LEBRUN: Speaking of rivals that would like to ruin another’s season, there’s not much else to play for if you’re the Toronto Maple Leafs -- except sweeping a home-and-home with the Sabres, which would destroy a divisional opponent’s season. The Leafs, easily the worst team in the league over the past six weeks, somehow beat the Sabres on Saturday night and now can really inflict pain with another win Tuesday night in Buffalo. The Sabres’ schedule then sees trips to Philadelphia and Boston to end the season. At first, when I saw these two games a few weeks ago, I wondered if the Sabres might luck out because neither the Flyers nor the Bruins would have much to play for. Well, Philadelphia is in a crucial battle with Pittsburgh for home ice in its Nos. 4-5 first-round playoff series. And the Bruins? While technically they have nothing left to play for, I wonder if the same doesn’t hold true as you mentioned above with the Rangers and Caps. Would Boston relish knocking out its divisional foe? Let’s remember the Milan Lucic/Ryan Miller incident from October as the context. To be fair to the Sabres, as they enter tonight's game, they are still without injured defensemen Tyler Myers (foot) and Christian Ehrhoff (knee). That’s mighty tough.
CUSTANCE: Yeah, they're banged up, but I'm not sure fans in Buffalo would allow that to be an excuse for losing twice to the Maple Leafs with a playoff berth on the line. Before completely focusing on Tuesday night's games, we have to get in our required Pacific Division mention. Huge, huge win Monday night for the Los Angeles Kings, who took care of business against Edmonton with a 2-0 win. For all those bubble teams looking to secure a playoff spot, that's how you do it. Another shutout for Jonathan Quick, who has a league-best 10 this season. It was suggested to me Monday that if Quick played in Boston or New York, the Vezina Trophy race would be over. Defenseman Slava Voynov scored the game winner in the third, and it reminded me of coach Darryl Sutter's comments shortly after the Jeff Carter trade. I asked him what he was going to miss about Jack Johnson, and he immediately turned the conversation to Voynov, who was going to see an expanded role. Sutter had complete confidence in the 22-year-old Voynov and pointed out the way GM Dean Lombardi built this team. "You don't weaken one [position] to strengthen another," Sutter said. "Voynov, for his age, is a pretty good player. And he's going to be a really good player."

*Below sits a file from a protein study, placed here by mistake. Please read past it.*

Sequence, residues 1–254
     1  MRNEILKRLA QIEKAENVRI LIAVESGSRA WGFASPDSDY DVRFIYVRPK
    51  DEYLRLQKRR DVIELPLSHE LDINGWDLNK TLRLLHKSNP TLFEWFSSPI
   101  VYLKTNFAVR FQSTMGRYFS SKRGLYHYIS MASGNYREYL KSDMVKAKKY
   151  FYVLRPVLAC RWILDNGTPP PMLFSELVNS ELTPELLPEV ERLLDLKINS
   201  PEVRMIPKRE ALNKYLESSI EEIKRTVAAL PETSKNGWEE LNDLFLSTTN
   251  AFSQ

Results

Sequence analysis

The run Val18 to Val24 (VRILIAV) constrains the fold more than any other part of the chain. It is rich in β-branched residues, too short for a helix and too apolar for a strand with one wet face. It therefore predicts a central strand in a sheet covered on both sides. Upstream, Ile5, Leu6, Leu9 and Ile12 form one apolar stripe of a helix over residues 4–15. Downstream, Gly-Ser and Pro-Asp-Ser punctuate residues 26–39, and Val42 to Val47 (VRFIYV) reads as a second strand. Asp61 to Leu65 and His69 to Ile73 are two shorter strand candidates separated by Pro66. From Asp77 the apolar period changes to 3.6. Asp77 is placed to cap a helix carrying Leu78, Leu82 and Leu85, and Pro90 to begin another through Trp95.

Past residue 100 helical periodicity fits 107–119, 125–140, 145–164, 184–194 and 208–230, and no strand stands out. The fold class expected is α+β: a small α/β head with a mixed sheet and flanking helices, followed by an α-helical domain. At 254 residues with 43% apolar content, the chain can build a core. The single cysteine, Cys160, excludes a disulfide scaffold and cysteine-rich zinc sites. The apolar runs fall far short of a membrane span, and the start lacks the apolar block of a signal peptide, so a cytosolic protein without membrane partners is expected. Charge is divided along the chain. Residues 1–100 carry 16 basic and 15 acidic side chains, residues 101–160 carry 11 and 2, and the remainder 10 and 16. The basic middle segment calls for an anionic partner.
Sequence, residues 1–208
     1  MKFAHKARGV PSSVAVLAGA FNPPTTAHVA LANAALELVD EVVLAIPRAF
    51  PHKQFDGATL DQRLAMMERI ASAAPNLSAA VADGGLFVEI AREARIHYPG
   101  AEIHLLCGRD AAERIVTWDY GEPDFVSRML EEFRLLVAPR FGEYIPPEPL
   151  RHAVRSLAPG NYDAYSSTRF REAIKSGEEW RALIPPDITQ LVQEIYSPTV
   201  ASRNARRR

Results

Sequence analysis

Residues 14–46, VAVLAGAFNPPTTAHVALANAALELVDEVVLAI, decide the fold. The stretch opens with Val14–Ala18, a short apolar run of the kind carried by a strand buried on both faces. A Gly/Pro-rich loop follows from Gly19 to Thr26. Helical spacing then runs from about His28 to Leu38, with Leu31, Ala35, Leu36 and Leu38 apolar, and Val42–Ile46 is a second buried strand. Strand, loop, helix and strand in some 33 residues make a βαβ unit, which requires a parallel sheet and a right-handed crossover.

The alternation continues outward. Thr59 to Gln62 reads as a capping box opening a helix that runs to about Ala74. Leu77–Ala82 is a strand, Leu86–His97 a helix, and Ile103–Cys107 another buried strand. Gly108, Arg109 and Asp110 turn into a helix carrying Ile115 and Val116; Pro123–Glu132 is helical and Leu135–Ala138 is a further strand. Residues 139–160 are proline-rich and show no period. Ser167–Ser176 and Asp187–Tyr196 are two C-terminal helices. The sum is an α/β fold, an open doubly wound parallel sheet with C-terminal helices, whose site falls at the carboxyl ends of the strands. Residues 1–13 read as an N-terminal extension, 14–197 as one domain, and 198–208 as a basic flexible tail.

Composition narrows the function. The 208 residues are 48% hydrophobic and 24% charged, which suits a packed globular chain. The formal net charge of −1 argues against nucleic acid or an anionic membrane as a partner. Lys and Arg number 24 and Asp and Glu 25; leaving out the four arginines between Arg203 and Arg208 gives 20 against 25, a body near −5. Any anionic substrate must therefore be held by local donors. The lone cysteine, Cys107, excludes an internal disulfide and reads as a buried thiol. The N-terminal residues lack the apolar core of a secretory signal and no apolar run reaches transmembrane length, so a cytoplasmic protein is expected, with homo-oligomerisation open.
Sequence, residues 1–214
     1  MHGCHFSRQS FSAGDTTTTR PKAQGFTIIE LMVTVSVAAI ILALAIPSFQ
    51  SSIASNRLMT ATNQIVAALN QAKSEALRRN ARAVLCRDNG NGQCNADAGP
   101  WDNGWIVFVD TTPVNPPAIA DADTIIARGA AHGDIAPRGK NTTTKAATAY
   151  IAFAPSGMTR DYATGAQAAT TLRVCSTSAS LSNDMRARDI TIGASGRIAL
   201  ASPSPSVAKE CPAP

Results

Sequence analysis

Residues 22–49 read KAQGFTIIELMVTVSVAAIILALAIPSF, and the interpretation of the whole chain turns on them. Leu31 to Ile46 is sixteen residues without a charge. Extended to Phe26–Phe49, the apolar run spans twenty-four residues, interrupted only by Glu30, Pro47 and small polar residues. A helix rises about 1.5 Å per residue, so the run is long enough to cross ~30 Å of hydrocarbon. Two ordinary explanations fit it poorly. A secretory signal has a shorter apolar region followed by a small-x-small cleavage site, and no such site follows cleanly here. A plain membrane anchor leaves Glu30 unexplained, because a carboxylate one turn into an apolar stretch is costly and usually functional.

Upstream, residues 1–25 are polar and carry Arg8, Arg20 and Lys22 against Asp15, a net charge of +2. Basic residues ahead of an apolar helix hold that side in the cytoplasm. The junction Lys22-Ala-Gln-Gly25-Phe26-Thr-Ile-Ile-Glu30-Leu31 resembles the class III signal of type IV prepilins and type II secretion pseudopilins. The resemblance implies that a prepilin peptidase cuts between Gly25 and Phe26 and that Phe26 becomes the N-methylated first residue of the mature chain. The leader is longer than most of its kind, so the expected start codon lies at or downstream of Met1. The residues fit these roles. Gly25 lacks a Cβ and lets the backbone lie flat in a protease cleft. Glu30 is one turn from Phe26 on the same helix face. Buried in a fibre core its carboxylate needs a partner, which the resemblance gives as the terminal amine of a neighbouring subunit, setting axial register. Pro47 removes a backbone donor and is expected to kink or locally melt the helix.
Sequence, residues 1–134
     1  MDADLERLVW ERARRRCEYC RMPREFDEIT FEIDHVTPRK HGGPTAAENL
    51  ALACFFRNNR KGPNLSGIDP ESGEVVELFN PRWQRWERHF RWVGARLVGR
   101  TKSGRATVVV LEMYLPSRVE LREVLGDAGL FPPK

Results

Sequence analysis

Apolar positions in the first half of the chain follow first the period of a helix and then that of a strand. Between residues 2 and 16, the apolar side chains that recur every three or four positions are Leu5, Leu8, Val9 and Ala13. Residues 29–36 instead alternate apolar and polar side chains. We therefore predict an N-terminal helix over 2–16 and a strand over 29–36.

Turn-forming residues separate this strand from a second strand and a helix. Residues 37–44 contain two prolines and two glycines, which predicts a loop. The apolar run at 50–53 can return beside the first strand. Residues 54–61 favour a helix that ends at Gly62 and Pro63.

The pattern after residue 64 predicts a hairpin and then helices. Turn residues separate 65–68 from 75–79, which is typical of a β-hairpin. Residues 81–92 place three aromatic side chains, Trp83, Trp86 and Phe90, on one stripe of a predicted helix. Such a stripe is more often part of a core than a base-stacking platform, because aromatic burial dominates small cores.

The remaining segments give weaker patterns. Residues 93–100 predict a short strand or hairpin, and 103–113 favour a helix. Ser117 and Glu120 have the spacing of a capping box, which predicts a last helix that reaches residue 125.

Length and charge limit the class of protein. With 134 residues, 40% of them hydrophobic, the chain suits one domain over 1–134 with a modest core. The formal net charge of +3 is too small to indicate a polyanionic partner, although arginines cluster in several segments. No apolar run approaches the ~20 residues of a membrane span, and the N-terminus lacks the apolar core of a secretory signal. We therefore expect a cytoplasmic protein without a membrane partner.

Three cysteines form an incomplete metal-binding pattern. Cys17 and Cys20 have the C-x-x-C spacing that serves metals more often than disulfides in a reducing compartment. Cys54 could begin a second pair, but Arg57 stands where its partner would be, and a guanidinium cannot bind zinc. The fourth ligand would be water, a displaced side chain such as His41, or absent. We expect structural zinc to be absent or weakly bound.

LEBRUN: Voynov has been terrific since his call-up. He’s exactly the reason Lombardi was willing to move Johnson; the GM knew Voynov was able to fill Johnson’s skates. It’s funny, though, that you mention the Vezina vote. I just got off the phone with an NHL GM who was talking about his Vezina vote (the league’s 30 GMs vote on the Vezina). He told me he was voting Henrik Lundqvist first, Quick second. I suspect that’s likely going to be the case for most GMs, although some might put Pekka Rinne ahead of Quick for second. Honestly, between those three netminders, there’s no bad choice. But it’s likely accurate that Quick will fall victim to playing most of his games when half the league’s GMs are asleep at night. The Kings now have a two-point lead on Phoenix and three on San Jose for the Pacific Division lead and the all-too-important No. 3 conference seed it carries. The Coyotes host the lowly Columbus Blue Jackets on Tuesday night (mind you, the Jackets beat St. Louis over the weekend) while the Sharks face a tough one in Dallas, with the Stars one point behind eighth-place San Jose in the West. You know the Sharks badly want to get back to being just one point behind the Kings before their dramatic, home-and-home finale with Los Angeles on Thursday and Saturday.
What a fantastic week of hockey. Until tomorrow, Craig.